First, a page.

Following an early-morning bus ride, the members of a new Upper School course, “Hot Topics in Public Health,” arrived at their destination: the Yale School of Public Health, with whom Chapin enjoys a robust partnership.
Eager with anticipation, the 32 students in Classes 9-12 and their chaperones (Science teacher Jill Hirsch, the course’s liaison; Director of Academic Program Ilana Pergam; and Director of College Guidance Karey Boals) posed for a photograph in front of a YSPH banner before entering the stately building on College Street and riding elevators to the fourth floor.
Tossing off their coats, they scrambled into seats around a conference table to hear from Associate Professor of Epidemiology Dr. Krystal Pollit, who team-teaches Chapin’s remote, 11-session evening class* and is a specialist in air pollutants and their harmful effects on health, a far-reaching topic that served as the eventful day’s overarching theme.
Dr. Pollit told the students that her interest in environmental health continued to grow after receiving bachelor’s and master’s degrees in chemical engineering from the University of Toronto, leading her to a Ph.D. in Environmental Toxicology from King’s College in London.
“Understanding the environment and what it meant to health was very important to me,” she recalled. “We can’t escape what we’re breathing. I wanted to understand what was in our air.”
Through her research, Dr. Pollit was determined to “develop tools to better understand what we’re exposed to and to come up with solutions,” she noted. Clicking through a series of slides, she showed the class images of global locations devastated by air pollution.
“That poor visibility is not fog,” she said, pointing to an arresting photo from Delhi, India. “It’s pollution, and it impacts daily life.”
In addition to increasing overall life expectancy, significantly reducing air pollution would help lessen health conditions that are strongly linked to air pollutants like asthma, lung cancer, chronic obstructive pulmonary disease and other neurological problems, the students learned.
Factory emissions, vehicle exhaust, wildfires, volcanic eruptions, fireworks and chemical fumes are among the top causes of air pollution, officially known as “particulate matter” or PM, Dr. Pollit explained. She added that PM is comprised of airborne solid particles and liquid droplets in different sizes and infused with a mixture of lead, sulphur dioxide, nitrogen dioxide and other toxic substances.
Fortified with takeaways from the eye-opening presentation, the students then had the opportunity to test the air in New Haven using portable, low-cost air sensors connected to apps on their phones. Dr. Pollit led the group on a walking tour that wove along a heavily trafficked road and ended up on the car-free Yale campus. Along the way, the young scientists checked their hand-held sensors for changing chemical levels, drawing comparisons between the two areas.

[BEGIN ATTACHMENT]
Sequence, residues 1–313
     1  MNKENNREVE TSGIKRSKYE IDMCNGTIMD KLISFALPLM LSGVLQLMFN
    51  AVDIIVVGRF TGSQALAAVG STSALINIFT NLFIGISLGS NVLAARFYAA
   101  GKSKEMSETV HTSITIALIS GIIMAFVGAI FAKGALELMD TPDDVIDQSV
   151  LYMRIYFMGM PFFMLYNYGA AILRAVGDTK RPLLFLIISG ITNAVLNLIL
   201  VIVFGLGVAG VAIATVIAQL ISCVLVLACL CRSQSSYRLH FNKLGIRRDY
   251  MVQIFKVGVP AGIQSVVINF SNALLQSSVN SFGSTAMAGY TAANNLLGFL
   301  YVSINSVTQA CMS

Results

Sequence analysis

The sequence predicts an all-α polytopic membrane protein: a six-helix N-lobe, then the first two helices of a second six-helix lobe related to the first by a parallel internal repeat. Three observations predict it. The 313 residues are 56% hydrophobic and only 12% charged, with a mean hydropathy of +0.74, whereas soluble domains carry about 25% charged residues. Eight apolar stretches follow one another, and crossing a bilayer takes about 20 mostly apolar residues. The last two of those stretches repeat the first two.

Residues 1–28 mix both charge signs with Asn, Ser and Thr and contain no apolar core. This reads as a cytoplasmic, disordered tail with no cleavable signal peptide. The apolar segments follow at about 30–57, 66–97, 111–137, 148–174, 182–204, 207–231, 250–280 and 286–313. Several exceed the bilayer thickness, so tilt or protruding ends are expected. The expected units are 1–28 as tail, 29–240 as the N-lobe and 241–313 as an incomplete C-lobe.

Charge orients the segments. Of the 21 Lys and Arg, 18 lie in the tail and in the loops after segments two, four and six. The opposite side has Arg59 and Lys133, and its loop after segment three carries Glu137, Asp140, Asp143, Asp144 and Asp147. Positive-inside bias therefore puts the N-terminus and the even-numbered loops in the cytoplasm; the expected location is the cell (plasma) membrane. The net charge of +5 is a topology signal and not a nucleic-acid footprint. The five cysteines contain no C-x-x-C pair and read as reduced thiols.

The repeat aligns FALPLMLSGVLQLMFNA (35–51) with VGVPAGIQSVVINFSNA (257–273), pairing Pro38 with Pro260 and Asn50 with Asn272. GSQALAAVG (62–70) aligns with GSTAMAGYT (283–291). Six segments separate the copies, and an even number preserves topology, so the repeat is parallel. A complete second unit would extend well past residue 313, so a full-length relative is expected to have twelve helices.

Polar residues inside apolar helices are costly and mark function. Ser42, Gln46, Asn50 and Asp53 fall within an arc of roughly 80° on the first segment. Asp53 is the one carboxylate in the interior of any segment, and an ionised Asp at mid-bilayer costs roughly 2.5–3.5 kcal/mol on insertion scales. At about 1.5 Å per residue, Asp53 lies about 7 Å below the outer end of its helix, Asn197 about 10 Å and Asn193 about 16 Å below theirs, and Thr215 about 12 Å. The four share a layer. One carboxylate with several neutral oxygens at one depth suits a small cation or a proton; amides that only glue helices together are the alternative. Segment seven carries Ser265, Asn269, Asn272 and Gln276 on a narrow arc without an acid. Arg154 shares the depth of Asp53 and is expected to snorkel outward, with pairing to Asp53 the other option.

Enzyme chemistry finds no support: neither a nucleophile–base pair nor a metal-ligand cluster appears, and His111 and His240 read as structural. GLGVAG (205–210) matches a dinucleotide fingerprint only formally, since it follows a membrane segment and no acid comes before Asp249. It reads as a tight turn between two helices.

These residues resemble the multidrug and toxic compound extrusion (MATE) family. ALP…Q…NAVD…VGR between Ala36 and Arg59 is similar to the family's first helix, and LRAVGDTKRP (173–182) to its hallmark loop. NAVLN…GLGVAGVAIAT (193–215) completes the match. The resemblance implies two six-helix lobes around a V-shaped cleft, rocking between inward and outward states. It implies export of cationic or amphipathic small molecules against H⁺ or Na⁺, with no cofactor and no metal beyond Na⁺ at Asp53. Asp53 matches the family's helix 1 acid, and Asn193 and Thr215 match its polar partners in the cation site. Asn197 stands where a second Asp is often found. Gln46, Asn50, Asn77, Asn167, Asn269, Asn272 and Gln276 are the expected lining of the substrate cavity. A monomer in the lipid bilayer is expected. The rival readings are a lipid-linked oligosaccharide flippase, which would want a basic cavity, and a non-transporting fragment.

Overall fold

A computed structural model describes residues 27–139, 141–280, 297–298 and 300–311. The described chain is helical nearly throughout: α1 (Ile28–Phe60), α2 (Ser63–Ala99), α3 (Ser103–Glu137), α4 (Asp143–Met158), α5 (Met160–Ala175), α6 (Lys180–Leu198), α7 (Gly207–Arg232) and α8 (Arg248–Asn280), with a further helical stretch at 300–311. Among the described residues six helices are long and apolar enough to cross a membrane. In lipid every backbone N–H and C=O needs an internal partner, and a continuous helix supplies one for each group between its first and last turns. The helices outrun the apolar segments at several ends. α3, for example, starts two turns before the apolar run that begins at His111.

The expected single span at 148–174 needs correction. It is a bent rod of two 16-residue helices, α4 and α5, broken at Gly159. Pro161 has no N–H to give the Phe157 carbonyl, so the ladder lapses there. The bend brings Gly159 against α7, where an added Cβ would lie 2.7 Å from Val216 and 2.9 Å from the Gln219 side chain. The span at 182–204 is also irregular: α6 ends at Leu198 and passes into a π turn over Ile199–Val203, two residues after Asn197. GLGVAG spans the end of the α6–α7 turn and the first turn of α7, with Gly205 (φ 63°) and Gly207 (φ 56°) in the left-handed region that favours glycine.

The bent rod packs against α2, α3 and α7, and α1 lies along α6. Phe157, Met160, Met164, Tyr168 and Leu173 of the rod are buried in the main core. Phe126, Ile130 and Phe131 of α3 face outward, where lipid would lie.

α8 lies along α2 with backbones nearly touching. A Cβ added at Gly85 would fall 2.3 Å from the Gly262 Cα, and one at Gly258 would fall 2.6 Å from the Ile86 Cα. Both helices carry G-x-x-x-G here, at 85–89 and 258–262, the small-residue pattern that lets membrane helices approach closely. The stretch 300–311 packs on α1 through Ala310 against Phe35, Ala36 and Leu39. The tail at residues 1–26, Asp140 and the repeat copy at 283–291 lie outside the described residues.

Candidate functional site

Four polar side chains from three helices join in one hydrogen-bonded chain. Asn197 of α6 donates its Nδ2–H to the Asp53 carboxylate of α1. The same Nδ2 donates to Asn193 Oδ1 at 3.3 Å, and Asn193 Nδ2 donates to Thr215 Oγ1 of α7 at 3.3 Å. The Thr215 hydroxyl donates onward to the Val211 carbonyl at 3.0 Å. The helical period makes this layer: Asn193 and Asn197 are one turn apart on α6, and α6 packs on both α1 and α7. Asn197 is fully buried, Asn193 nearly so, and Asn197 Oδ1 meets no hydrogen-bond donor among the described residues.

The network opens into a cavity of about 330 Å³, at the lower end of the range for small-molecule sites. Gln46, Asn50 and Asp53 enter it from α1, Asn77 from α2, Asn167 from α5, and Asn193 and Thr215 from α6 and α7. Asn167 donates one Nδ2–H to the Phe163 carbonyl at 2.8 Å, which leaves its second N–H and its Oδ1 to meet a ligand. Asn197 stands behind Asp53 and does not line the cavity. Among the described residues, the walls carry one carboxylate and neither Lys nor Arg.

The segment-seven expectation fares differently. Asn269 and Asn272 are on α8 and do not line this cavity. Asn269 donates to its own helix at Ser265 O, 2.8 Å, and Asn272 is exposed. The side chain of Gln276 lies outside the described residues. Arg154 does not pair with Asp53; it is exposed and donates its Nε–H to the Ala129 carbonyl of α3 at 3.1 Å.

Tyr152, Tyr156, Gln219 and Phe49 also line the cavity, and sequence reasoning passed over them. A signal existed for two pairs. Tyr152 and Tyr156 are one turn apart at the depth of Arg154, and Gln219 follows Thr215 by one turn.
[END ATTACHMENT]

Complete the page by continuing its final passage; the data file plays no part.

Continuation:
Next on the agenda was lunch at a dining hall in Trumbull College, one of the university’s undergraduate colleges. Dr. Sten Vermund of YSPH, one of the “Hot Topics” teachers and a trusted Chapin advisor, joined the students as did two recent Chapin alums who are first-year Yale students, Sarah Moeder ’22 and Abby Solomon ’22.
After putting on the required masks and storing their belongings in lockers, the group spent the next 45 minutes in the lower level of Yale’s Beinecke Rare Book & Manuscript Library for an interactive archive session with librarian Anna Franz, the Assistant Program Director for Education.
The students sat at a long table surrounded by a wide assortment of historic documents and materials, all related in some way to air pollution. With great care, they examined the items in front of them, which included photographs (gloves were needed to handle these), children’s books, essays and more.
“Whose voice is represented? What surprised you? And what questions do you have?” Ms. Franz asked.
When the pairs reflected on their items, a lively discussion ensued that touched on privilege, racism, sexism and class, while also underscoring just how long air pollution has been a societal concern. Examples included a book from the 1600s by the English writer John Evelyn, as well as more recent works by the American environmental pioneer Rachel Carson (1907-1964).
For the final part of the day, the students returned to the YSPH building for a tour of Dr. Pollit’s lab, which focuses on wearable technology that tests the air. As well, her colleague, Dr. Anne Wyllie, also an epidemiologist, welcomed the group to her SalivaDirect lab, detailing the experiments she conducts using saliva to detect, for instance, SARS-CoV-2, the virus that causes Covid. The students were captivated by both labs and asked the scientists thoughtful questions.
As the class boarded the bus back to Chapin, there was no doubt that this illuminating excursion had been an overwhelming success and an invaluable component to “Hot Topics in Public Health,” which explores issues around environmental health and engineering as well as the history of public health; the legalization of marijuana; and adolescent health. The remainder of the classes and an upcoming trip to a local sewage treatment plant will further deepen their understanding of an incredibly important field that affects all of us. Perhaps some students will choose to pursue public health in college and beyond.
*“Hot Topics in Public Health” is taught by Yale School of Public Health faculty Dr. Sten Vermund, the Anna M.R. Lauder Professor of Public Health, and Dr. Krystal Pollit, Associate Professor of Epidemiology, along with Dr. Marian Moser Jones of Ohio State University and Dr. Marie Brault of the University of Texas, San Antonio, with assistance from teaching fellow Mahima Kaur, a Yale MPH candidate.